Nothing in the plain language of section 236 prevents the prosecution of parents for false imprisonment of their children.(2) Furthermore, since parental disciplinary acts are not absolutely immune from prosecution for criminal battery (People v. Whitehurst, supra, 9 Cal.App.4th at p, 1050), kidnapping (People v. Senior, supra, 3 Cal.App.4th at pp. 780-781), and child stealing (People v. Rios, supra, 177 Cal.App.3d at p. 451) we see no justification for absolute immunity from prosecution for false imprisonment. In our view, parental actions done with the intent to endanger or injure the child are patently in excess of parental authority and are not entitled to immunity from prosecution. Therefore, we hold that a parent, who confines his child with the intent to endanger the health and safety of the child or for an unlawful purpose, can be prosecuted for false imprisonment.(3)
Several decisions from other jurisdictions are consistent with our conclusion and fully address defendant's concern that it would be impossible for the courts to draw the line between lawful and unlawful exercise of parental authority based on the parent's subjective intent. For example, in State v. Teynor (1987) 141 Wis.2d 187 [414 N.W.2d 76], at page 198, the Wisconsin Court of Appeal concluded that a parent may be prosecuted for false imprisonment of his child when the parent acts in excess of his lawful authority. The court noted that "parental status affords only a privilege which may be asserted as a defense to prosecution for any crime by a parent against his or her child," not an absolute immunity from criminal prosecution. (Id. at p. 200.) Also, in People v. Walker (1985) 130 Ill.App.3d 58 [473 N.E.2d 995], at page 60, the Appellate Court of Illinois held that a parent, who detained his son for three hours before attempting to commit suicide, was not absolutely immune from prosecution for the crime of unlawful restraint against the child.(4) The court reasoned that such an act was unreasonable and outside the scope of lawful parental authority. (Id. at p. 61.) In affirming the defendant's conviction, the court observed that while parents have very broad authority in disciplining their children, including detention for purposes other than punishment, they have to exercise it in a reasonable manner.(5) (Ibid.)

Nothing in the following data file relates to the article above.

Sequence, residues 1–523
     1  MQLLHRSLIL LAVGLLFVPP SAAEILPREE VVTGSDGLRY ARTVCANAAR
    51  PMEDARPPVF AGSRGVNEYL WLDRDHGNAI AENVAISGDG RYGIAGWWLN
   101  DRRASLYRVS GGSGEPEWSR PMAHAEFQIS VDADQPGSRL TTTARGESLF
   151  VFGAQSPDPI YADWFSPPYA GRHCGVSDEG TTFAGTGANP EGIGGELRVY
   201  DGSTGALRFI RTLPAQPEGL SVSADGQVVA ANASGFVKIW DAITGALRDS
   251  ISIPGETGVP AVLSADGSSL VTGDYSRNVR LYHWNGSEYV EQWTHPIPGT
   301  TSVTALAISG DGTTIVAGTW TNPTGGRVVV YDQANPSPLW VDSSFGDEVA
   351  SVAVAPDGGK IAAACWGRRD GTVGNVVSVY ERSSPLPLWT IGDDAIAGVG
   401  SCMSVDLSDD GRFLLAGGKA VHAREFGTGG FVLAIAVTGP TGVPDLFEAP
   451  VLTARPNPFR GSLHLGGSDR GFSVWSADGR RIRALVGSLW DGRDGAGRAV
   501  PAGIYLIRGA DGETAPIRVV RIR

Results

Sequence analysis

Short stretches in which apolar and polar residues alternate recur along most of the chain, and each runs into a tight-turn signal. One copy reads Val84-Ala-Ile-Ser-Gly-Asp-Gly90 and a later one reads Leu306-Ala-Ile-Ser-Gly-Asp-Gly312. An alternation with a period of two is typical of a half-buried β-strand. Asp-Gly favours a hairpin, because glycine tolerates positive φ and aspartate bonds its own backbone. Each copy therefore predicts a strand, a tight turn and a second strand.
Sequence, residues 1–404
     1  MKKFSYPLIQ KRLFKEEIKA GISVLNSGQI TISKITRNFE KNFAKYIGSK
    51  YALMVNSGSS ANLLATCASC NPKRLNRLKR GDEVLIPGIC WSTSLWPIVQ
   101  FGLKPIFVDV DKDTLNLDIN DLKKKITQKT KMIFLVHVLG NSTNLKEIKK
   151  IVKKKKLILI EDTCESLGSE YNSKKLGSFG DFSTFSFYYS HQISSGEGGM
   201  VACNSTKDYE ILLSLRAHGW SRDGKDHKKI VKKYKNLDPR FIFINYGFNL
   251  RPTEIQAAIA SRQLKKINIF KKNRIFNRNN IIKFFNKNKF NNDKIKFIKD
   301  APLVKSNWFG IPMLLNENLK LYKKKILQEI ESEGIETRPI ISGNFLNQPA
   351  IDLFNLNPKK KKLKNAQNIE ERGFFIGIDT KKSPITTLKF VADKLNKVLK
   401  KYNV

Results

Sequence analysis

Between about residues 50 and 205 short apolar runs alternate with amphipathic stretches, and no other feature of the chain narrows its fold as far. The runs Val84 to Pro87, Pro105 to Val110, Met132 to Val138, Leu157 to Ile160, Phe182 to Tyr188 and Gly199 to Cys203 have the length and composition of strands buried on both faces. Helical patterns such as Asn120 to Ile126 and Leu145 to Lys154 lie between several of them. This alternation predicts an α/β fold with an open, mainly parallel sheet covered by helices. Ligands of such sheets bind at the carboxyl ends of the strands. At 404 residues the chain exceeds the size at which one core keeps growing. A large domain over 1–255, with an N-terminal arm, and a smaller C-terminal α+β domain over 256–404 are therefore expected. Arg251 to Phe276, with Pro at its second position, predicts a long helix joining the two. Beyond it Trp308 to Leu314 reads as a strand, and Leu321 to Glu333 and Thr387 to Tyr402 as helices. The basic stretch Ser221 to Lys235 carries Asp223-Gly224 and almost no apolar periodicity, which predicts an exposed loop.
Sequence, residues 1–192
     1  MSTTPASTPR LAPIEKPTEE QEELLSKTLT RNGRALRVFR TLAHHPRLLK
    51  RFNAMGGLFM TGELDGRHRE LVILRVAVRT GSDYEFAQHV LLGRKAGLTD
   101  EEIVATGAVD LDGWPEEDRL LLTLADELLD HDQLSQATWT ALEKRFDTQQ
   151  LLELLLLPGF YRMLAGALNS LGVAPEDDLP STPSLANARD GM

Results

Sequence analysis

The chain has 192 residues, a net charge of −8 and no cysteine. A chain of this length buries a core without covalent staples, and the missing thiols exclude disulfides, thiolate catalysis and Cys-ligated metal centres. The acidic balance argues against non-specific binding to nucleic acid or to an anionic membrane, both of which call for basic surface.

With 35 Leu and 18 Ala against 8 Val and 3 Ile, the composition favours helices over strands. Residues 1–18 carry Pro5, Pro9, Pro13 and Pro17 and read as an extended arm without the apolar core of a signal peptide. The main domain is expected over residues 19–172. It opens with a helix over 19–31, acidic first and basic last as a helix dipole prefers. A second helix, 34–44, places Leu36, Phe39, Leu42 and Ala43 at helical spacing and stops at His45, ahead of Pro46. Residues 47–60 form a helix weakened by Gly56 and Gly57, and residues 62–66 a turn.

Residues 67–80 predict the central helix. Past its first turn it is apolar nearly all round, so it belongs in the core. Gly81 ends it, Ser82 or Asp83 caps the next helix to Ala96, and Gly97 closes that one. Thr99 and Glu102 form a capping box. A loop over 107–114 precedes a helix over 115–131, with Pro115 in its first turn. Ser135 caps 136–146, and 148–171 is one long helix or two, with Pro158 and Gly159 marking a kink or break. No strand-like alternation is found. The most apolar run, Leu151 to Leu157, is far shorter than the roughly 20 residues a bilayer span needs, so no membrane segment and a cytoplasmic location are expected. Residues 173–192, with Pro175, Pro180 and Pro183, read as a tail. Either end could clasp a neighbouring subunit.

It is evident that the majority of other states draw the distinction between lawful and unlawful acts of parental authority by deeming acts of restraint or confinement, which are committed with the intent to harm the child or with the intent to achieve an unlawful purpose, to be outside the scope of lawful parental authority. In our view, such a distinction is appropriate and can be easily enforced because defendants are free to introduce evidence of (1) their intent in confining or restraining the child, and (2) the reasonableness of the restraint or confinement in support of the defense of parental authority against charges of false imprisonment.
Turning to the facts of this case, defendant admitted that he sent A. to the attic to prevent the social worker and a concerned neighbor from seeing her bruises and reporting him to authorities. Moreover, defendant never introduced evidence that he had any proper purpose, other than his improper desire to avoid prosecution, in confining A. to the attic. Since defendant admittedly acted with an unlawful purpose of avoiding prosecution, he can properly be prosecuted for false imprisonment.
Failure To Instruct On Parental Right To Detain Child